• Press Release

Trump Callous Approach to Refugees Will Cost Lives

September 19, 2017

LAMPEDUSA, ITALY - MAY 24: Refugees and migrants are seen swimming and yelling for assistance from crew members from the Migrant Offshore Aid Station (MOAS) 'Phoenix' vessel after a wooden boat bound for Italy carrying more than 500 people capsized on May 24, 2017 off Lampedusa, Italy. Numbers of refugees and migrants attempting the dangerous central Mediterranean crossing from Libya to Italy has risen since the same time last year with more than 43,000 people recorded so far in 2017. In an attempt to slow the flow of migrants Italy recently signed a deal with Libya, Chad and Niger outlining a plan to increase border controls and add new reception centers in the African nations, which are key transit points for migrants heading to Italy. MOAS is a Malta based NGO dedicated to providing professional search-and-rescue assistance to refugees and migrants in distress at sea. Since the start of the year MOAS have rescued and assisted 3572 people and are currently patrolling and running rescue operations in international waters off the coast of Libya. (Photo by Chris McGrath/Getty Images)
CONTACT: Mandy Simon, [email protected]

NEW YORK – Following U.S. President Donald Trump’s remarks on refugees today at the United Nations General Assembly, Amnesty International USA called on the U.S. to do more, not less to address the global refugee crisis. Currently, more than half of the world’s 22.5 million refugees are hosted by just 10 countries — all in the Middle East, Africa and South Asia, taking refugees in because they are neighbors to crisis.

The New York Times today reported on a study – which the White House sought to block – showing that refugees contribute more to the U.S. economy than they cost. Despite this, Trump is still expected to announce his decision to reduce U.S. refugee admissions before the end of the month. Amnesty International is calling for the U.S. to accept at least 75,000 refugees in 2018.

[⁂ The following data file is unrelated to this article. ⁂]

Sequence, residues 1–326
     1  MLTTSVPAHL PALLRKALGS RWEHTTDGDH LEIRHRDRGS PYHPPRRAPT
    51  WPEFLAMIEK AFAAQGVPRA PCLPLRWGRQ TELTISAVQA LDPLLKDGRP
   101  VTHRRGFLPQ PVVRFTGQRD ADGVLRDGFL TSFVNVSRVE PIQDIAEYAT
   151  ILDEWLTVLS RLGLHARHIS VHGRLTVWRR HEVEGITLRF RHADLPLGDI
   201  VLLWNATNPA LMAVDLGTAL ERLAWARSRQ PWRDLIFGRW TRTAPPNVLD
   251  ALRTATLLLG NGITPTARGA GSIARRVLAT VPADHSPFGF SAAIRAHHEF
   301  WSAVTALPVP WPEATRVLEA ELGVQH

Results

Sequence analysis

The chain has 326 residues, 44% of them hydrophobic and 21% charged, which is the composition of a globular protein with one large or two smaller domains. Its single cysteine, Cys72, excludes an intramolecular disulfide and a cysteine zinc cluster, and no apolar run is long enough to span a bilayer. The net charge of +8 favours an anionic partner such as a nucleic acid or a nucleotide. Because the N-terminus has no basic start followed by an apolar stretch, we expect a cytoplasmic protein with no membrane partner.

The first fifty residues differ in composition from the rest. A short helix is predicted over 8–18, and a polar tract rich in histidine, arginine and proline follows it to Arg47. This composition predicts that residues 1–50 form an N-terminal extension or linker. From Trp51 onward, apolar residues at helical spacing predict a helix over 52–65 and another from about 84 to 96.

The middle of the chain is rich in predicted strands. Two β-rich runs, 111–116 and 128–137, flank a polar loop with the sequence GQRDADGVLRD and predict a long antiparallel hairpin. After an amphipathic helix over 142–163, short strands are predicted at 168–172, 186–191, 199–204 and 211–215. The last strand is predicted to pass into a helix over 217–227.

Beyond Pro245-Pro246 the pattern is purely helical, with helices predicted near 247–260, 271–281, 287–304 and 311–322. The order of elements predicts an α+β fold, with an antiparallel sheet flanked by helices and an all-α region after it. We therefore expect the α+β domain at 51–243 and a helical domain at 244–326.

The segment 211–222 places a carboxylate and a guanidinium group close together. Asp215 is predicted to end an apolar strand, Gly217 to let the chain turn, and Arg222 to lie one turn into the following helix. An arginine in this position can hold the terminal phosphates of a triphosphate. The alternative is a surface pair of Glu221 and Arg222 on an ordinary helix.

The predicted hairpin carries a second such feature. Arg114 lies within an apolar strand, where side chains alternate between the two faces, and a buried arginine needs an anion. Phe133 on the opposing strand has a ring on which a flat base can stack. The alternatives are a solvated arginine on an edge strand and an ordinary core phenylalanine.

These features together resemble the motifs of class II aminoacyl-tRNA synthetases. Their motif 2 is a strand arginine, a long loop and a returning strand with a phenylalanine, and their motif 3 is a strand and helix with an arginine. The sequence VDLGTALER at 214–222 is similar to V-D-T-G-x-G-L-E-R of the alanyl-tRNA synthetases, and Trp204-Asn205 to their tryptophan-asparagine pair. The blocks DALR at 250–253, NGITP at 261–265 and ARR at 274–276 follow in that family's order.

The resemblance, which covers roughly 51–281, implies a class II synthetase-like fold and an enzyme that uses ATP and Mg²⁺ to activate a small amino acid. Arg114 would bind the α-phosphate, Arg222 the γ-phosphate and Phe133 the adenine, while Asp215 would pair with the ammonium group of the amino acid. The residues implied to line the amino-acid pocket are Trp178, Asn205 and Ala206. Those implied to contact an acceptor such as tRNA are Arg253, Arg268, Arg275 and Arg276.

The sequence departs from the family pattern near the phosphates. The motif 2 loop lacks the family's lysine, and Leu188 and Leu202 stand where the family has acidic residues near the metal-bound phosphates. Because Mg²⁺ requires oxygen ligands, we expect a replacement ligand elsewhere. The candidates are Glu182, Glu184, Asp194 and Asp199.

“President Trump’s callous approach to refugees will cost people their lives,” said Naureen Shah, Amnesty International USA senior director of campaigns. “Refugees are ordinary people who have been forced to run for their lives. By turning its back on some of the world’s most vulnerable people, the U.S. is abandoning its rich tradition of welcoming people seeking safety. Not only that, with reports today that the White House is ignoring refugees’ positive contributions to the U.S. economy, it’s clear that the limits Trump is trying to set on resettlement are about politics and bigotry.”

Tomorrow Amnesty International and Sofar Sounds will join forces to produce Give a Home, a huge global refugee concert series that will consist of 300 shows in 60 countries with top musicians – many of whom will perform alongside refugee musicians. In the U.S., over 100 concerts will take place in one night, with music fans hosting thousands of others in their living rooms, garages and other small, intimate venues to stand in solidarity with refugees in cities including New York, Los Angeles, Seattle, Nashville and many more. The money raised will support Amnesty International’s work to protect human rights here in the U.S. and around the world.